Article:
Reaching for a refreshing beverage after a long, hot day could someday mean guzzling back a tall glass of barley water. And no, that doesn’t mean beer.
Beverages are the fastest-growing category in food development with new products popping up all the time, says Roberta Irvine at the Food Development Centre in Portage la Prairie.
“For example, we’re also starting to see oat beverages, another trend is maple water, barley water, those sorts of things,” said Irvine. “And from a Manitoba perspective… anything we can do to increase barley, oats in products is really wonderful, because we’re helping Manitoba farmers.”
Soda pop consumption has dropped by about four per cent in North America in recent years, but according to Irvine, consumers are still looking for delicious beverages. Now however, they are increasingly turning to those that promise health and nutrition benefits, as well as added energy.
A mere six years ago the “shot” beverage category — including products like 5-Hour Energy — didn’t even exist. Today the category is worth $1.2 billion.
And it’s those kinds of market changes that have Nancy Ames revisiting a study that began in 2007 that looked at the viability of barley beverages, including hot and cold teas, water and smoothies.
“Maybe we did this too early in time, sometimes you can start a project and it’s not yet time for it, you can be ahead of the game,” said the research scientist with Agriculture and Agri-Food Canada, who is also an adjunct professor in human nutritional sciences at the University of Manitoba’s Richardson Centre for Functional Foods.
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The goal of the study was to determine if the antioxidants and beta-glucan found in barley could be extracted using a hot water method. It turns out they can, although extraction methods, milling techniques and cultivars all affect the levels of beta-glucan and other nutrients.
While the project looked at taste, texture and examined how to best incorporate barley, its scope didn’t include developing or marketing actual products.
“We try and look at ways that we can utilize something, including looking at varieties, looking at processing combinations to say — will this develop a functional product? But usually we’re relying on industry, we’re not really product developers,” Ames said.
“So we do this and industry doesn’t necessarily pick it up because of the timing, but it’s good to have it, because now we do have a health claim for barley and today there may be more opportunities.”
Grains and seeds don’t seem like a natural fit for beverages, but Irvine points to dairy-free milk substitutes made from things like hemp and almonds.
Ames adds that cereals can also be fermented and used as probiotics.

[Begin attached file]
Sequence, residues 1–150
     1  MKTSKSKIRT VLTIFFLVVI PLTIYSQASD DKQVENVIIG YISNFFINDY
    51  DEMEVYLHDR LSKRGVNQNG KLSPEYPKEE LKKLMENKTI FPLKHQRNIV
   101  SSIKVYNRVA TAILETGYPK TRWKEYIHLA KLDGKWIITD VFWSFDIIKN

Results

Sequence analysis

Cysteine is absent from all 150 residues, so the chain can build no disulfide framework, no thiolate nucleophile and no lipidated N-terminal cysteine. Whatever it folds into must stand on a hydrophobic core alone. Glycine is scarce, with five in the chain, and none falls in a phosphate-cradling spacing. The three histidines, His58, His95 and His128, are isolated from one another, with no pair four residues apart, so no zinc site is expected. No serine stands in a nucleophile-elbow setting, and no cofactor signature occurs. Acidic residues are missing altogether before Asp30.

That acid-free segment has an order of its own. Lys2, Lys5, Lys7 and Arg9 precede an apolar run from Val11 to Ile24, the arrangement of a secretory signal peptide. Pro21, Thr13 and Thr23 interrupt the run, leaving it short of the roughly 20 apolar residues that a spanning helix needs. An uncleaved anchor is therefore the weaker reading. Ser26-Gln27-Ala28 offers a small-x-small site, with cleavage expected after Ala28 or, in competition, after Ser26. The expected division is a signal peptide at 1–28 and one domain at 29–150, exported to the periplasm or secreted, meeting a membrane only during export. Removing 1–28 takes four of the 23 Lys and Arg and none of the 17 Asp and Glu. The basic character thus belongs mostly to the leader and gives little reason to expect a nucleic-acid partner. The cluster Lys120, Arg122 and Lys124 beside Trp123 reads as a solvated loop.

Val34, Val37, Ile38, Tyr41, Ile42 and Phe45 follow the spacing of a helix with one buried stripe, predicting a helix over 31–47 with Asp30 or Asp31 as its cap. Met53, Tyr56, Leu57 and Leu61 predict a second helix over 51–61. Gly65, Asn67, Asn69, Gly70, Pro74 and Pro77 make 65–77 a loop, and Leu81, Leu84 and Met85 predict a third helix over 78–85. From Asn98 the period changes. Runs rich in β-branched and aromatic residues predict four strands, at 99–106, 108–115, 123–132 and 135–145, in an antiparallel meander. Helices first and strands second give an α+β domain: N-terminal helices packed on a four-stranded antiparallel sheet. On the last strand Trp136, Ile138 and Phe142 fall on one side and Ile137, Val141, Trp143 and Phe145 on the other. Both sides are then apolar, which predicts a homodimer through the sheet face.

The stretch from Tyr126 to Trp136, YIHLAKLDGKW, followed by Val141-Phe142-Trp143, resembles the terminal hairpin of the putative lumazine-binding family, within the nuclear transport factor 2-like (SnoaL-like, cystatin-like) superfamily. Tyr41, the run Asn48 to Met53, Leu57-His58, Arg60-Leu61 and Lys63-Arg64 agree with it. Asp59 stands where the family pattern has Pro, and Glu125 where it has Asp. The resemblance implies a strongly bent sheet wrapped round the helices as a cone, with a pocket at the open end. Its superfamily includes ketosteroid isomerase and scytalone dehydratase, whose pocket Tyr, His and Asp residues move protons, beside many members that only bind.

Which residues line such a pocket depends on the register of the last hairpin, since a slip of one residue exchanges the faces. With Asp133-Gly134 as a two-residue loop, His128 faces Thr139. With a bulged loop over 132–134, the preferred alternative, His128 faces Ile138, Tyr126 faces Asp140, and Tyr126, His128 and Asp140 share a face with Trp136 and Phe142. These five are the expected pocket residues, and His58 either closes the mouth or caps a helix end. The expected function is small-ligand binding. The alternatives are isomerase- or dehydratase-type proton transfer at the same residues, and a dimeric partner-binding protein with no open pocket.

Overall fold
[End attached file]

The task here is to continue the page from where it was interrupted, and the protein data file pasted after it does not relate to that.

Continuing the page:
“Cereals have a lot of potential,” she said.
Other Manitoba crops have also been the subject of new beverages, including sea buckthorn, the sole ingredient in the Manitoba-made Solberry purée. Manitoba Harvest also makes Hemp Bliss, a milk substitute.
Although it was never commercialized, the Food Development Centre and the Manitoba Agri-Health Research Network also made a foray into the beverage shot category with a “Saskatoon Shot” made from the namesake berry.
“It was a relaxing shot, because what you’re seeing is this market start to evolve, a move away from just the energy shots,” Irvine said. “Now we’ve got the formulation, so if anyone every approached us we could negotiate.”
Ideally, she would like to see a Manitoba company commercialize and market the drink.
And while it’s not made with an ingredient grown in Manitoba, Yomm Beverages has launched a line of hibiscus teas and bottled drinks with the help of the Food Development Centre.
“We want to expand and we want to add new products… we are also planning on working with the Prairie farmers to incorporate some of the lovely foods we have here,” said Yomm co-founder Meshack Kusa, whose business partner Michael Daramola oversees the production of the company’s hibiscus flowers in Nigeria.
Besides marketing its flavour and rich, inviting colour, Kusa is also promoting the tea’s antioxidant content as a way to improve one’s health.
And he’s not alone.
Beverages are increasingly touted as having tangible health benefits. Irvine notes that at least one overseas brand of water even claims it has the ability to improve memory and ease the symptoms of Alzheimer’s.
But it’s important that these claims are backed up with science, and that consumers do their own research before buying into a product’s claim, notes Ames.
“It is still important when we’re developing these functional beverages to ensure that they do have a functionality,” she said.